• In 2013, an NFL PA mandated that a neurotraumatologist consultant should be on the sideline of every game to evaluate players with suspected concussion. They required that the neurotramatologist be unaffiliated with the NFL to avoid any collusion.
  • More concussions happen in the second half of play. Fatigue most likely causes the players to neglect proper technique. The risk of concussion increases by about 24% in in the second half of a game.
  • Just up to 2013, nearly 5,000 former NFL players brought lawsuits against the NFL for concussion-related injuries.
  • One of the most common issues is chronic traumatic encephalopathy (CTE). CTE is a degenerative disease caused by repetitive blows to the head. Frequently CTE is found in professional football players as well as boxers, wrestlers, rugby players, and other participants in contact sports.
  • As of 2016, 90 out of 94 former NFL players that underwent an autopsy were diagnosed with CTE.

CTE caused by concussionsIn an attempt to combat the frequency of concussions, the NFL implemented concussion management policies, and changed rules to place greater emphasis on penalizing players for aggressive behavior. However, there is still an urgent need to further strengthen policies and introduce concussion prevention and management programs.

The AJSM authors conclude their article with: “In-game concussions in the NFL occurred through a diverse variety of mechanisms, surprisingly tended to be well-anticipated, and, also surprisingly, occurred with <10 yards of closing distance. The impacts causing concussion were broadly distributed over the helmet.” While there is more and more research regarding concussions in the NFL, there is obviously still much more to be done. Safety in sports is extremely important, and those who participate in contact sports should be extra vigilant. Learn more about safety and concussions in an earlier Orthopaedic specialists blog here.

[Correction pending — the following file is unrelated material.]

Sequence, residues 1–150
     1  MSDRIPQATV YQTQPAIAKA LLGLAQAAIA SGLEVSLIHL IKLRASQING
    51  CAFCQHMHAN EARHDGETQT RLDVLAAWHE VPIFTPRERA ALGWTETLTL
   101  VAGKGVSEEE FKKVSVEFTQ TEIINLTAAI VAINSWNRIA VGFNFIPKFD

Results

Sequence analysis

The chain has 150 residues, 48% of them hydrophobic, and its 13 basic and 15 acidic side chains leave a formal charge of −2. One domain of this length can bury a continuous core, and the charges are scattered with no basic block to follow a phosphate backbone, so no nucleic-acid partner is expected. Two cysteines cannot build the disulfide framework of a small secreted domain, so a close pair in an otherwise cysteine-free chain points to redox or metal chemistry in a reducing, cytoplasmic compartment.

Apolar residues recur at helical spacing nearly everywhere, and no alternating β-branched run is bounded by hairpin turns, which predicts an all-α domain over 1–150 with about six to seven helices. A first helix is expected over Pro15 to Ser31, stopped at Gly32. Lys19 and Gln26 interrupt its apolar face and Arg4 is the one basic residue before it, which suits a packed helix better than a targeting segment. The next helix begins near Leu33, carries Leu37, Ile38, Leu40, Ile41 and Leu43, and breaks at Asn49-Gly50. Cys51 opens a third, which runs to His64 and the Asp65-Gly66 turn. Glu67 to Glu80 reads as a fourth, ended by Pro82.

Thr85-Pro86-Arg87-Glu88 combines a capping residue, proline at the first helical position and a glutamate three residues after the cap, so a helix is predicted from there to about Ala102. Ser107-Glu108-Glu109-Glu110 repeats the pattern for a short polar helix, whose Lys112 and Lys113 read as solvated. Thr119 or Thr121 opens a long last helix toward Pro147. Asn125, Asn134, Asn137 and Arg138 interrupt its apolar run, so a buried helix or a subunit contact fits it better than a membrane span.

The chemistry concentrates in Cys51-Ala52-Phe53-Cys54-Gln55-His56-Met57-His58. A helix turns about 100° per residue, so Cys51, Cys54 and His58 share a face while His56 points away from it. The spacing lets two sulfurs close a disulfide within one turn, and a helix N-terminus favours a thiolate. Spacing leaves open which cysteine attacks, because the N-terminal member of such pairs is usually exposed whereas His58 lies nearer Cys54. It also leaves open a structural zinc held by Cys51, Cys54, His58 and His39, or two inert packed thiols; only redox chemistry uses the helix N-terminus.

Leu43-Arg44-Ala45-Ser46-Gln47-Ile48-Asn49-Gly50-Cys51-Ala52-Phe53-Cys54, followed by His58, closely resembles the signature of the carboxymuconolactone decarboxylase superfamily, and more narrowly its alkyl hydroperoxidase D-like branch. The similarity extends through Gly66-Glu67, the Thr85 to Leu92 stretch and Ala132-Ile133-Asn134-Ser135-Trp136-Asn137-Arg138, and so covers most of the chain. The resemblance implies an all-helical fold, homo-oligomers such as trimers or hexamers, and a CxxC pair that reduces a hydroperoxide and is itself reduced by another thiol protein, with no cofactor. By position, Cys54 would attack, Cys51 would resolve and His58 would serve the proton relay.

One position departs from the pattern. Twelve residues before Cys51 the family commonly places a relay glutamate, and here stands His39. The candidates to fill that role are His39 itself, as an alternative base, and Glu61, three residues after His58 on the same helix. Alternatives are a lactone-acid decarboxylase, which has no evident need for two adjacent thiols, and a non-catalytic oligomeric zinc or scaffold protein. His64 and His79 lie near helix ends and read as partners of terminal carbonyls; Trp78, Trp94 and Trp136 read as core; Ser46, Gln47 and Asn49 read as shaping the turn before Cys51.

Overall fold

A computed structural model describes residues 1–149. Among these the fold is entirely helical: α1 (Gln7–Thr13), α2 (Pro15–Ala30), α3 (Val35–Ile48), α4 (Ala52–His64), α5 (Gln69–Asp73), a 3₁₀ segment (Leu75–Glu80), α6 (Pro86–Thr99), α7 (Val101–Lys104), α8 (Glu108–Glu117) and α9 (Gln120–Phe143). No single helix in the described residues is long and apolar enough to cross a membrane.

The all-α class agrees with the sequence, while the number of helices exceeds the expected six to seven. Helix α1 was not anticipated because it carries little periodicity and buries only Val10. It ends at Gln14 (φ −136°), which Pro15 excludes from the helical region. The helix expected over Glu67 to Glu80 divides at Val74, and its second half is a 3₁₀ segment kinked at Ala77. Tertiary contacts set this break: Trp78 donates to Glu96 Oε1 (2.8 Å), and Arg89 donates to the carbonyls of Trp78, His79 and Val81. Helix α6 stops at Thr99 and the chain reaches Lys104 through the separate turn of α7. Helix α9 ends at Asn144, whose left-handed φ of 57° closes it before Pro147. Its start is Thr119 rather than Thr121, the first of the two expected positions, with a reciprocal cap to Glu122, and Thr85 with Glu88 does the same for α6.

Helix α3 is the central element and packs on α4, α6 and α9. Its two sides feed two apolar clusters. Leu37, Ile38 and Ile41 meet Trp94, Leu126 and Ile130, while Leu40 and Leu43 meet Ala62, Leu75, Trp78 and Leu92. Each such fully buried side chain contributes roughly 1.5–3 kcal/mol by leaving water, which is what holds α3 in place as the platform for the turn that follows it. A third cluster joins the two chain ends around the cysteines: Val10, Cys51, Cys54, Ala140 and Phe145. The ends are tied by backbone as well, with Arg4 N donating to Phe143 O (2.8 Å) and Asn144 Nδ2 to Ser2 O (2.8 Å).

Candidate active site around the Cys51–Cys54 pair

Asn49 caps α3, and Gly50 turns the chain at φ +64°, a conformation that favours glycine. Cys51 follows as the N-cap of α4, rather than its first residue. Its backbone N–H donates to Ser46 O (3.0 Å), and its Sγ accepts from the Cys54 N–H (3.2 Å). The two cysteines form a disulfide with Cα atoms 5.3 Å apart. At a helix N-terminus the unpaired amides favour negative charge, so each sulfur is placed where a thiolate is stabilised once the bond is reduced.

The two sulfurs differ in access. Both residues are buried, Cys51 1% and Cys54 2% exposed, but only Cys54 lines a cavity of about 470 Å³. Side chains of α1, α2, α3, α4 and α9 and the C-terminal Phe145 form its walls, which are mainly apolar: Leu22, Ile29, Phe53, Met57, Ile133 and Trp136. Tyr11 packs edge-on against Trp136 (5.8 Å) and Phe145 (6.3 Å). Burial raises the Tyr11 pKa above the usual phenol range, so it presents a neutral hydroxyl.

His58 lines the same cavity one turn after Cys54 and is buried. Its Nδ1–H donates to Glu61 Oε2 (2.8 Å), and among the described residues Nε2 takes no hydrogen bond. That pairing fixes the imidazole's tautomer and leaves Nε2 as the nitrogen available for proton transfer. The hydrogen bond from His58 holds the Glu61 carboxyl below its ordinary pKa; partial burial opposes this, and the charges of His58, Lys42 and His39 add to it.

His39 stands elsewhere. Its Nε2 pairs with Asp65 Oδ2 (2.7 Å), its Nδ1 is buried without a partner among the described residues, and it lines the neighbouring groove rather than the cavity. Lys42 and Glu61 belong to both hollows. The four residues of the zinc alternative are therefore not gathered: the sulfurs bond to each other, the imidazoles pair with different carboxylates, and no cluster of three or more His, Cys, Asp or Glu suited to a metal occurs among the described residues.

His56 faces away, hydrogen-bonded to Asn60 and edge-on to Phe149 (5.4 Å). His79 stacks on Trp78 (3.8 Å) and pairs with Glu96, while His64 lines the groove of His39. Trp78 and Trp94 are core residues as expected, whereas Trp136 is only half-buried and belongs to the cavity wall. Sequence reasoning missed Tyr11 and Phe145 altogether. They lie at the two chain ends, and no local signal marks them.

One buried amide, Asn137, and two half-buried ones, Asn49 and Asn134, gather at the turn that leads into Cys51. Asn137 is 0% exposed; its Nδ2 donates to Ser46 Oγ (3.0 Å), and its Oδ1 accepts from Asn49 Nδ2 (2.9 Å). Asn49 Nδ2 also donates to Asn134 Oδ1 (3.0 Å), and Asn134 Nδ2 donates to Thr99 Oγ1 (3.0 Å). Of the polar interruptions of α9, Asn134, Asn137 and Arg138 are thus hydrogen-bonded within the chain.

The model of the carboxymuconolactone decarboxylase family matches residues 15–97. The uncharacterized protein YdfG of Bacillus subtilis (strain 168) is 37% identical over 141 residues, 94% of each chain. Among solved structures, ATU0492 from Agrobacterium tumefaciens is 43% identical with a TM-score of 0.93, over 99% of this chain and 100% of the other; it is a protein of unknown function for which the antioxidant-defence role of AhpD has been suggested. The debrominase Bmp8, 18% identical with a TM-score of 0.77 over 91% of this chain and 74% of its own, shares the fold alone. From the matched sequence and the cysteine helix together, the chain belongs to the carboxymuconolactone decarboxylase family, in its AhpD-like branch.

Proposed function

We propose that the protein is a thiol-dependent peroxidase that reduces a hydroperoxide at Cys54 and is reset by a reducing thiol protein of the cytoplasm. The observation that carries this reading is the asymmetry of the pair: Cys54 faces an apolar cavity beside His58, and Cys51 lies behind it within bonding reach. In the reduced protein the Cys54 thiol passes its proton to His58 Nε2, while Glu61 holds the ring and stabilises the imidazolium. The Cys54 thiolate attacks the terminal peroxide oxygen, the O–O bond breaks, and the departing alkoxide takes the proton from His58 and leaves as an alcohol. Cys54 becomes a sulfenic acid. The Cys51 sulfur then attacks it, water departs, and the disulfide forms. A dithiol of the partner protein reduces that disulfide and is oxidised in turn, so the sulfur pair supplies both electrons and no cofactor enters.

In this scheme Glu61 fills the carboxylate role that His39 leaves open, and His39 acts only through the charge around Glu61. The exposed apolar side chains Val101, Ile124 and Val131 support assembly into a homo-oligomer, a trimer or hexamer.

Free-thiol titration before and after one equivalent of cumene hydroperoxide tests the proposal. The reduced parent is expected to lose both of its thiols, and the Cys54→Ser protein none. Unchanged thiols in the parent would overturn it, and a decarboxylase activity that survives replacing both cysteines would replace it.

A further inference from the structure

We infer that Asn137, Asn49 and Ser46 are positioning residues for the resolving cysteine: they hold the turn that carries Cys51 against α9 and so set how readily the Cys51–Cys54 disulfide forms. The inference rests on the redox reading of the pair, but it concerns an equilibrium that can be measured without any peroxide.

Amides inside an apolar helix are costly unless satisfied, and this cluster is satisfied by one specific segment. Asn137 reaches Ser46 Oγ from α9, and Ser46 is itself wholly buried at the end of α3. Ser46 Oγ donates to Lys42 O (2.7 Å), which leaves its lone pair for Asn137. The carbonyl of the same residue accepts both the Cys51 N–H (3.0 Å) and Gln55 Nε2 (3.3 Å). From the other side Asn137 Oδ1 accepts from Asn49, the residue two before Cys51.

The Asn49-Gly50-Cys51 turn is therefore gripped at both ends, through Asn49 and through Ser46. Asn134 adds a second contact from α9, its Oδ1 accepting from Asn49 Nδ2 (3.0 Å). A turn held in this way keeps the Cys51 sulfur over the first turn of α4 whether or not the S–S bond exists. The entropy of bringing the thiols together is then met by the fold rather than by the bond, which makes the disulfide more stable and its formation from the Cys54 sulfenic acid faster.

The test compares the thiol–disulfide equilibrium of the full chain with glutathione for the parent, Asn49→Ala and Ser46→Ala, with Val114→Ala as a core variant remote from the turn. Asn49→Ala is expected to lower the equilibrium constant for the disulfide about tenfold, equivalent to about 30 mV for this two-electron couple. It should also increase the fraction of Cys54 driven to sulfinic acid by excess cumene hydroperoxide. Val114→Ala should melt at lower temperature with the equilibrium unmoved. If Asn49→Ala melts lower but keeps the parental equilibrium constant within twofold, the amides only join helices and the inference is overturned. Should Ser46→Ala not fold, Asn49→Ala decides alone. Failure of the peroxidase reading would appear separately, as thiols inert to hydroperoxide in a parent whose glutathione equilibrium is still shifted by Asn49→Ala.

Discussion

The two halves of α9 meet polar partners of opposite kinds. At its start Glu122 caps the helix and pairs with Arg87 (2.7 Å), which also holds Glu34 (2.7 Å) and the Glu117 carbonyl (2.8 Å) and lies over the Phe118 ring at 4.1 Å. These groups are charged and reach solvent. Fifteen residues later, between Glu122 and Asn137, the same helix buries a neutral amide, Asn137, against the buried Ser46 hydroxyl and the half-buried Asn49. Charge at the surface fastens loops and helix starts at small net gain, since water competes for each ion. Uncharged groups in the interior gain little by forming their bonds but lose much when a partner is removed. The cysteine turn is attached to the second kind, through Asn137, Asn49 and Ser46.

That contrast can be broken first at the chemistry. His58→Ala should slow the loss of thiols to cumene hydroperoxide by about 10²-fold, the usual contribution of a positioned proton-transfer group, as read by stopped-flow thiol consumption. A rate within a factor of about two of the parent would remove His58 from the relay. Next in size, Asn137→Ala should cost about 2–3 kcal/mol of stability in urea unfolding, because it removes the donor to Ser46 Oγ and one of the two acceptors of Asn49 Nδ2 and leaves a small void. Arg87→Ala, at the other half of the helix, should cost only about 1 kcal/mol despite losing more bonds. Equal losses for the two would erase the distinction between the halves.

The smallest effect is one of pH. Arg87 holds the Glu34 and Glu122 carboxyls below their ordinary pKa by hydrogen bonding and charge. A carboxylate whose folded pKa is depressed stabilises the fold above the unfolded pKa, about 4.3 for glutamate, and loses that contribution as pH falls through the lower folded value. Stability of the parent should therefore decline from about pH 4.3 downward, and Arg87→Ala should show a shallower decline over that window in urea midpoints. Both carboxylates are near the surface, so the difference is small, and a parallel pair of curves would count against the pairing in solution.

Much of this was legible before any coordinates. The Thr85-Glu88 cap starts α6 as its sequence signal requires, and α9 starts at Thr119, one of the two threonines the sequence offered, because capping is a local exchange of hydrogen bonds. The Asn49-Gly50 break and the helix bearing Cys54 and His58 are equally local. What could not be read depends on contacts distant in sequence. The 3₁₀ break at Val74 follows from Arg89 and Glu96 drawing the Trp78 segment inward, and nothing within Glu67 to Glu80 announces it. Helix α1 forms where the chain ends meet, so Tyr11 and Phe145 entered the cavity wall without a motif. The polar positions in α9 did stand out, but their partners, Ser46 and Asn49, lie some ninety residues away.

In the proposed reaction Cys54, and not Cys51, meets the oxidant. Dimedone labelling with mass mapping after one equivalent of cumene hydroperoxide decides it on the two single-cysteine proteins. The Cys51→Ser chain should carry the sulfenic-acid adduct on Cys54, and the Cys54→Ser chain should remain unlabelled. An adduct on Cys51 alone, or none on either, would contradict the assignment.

For more information about concussions or other sports injuries, Dr. Stacie Grossfeld and Orthopaedic Specialists are here to help. For an appointment with a board certified orthopedic surgeon and sports medicine doctor in Louisville, Kentucky, call 502-212-2663 today!

Four Layers of The Hip & How They Factor Into Athletic Injuries

A recent article from the April edition of American Academy of Orthopaedic Surgeons focused on how hip injuries can lead to long-term negative effects within the athletic community. To thoroughly explain how these injuries occur, the authors Dean Lynch, Aseesh Bedi, and Christopher Larson discuss the hip joint according to four separate layers.

The Osseous Layer

Hip Joint Injuries in Athletes

The first layer involves the femur bone, the pelvis and the hip socket. Hip injuries to this layer often include:

  • Static overload

  • Impingement

  • Dynamic instability

Another less common hip injury is femoroacetabular impingement, or FAI. FAI is a condition that limits range of motion in the hip because of improper bone formation during childhood. The decrease in movement within the hip causes abnormal stress to the sacroiliac joint, pubic symphysis, and lumbar spine. Cam impingement is one variety of FAI where the femoral head is not round and therefore cannot rotate smoothly inside the acetabulum. A bump forms on the edge of the femoral head that grinds the cartilage inside the acetabulum. Also, if an anterior cam effect is present it can limit internal rotation. So it may cause levering of the femoral head which could also create posterior hip subluxation or dislocation and resultant labral tearing and cartilage damage.

The Capsuloligamentous Layer

This layer includes:

  • Labrum

  • Joint capsule

  • Ligamentum/capular complex

  • Ligamentous teres